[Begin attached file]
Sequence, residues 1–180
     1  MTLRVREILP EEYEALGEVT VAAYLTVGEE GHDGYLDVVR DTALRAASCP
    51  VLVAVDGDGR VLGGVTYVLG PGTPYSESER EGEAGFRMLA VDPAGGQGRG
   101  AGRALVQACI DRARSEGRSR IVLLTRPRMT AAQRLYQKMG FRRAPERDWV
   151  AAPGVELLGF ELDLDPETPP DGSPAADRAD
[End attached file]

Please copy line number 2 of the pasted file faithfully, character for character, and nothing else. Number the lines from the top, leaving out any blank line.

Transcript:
     1  MTLRVREILP EEYEALGEVT VAAYLTVGEE GHDGYLDVVR DTALRAASCP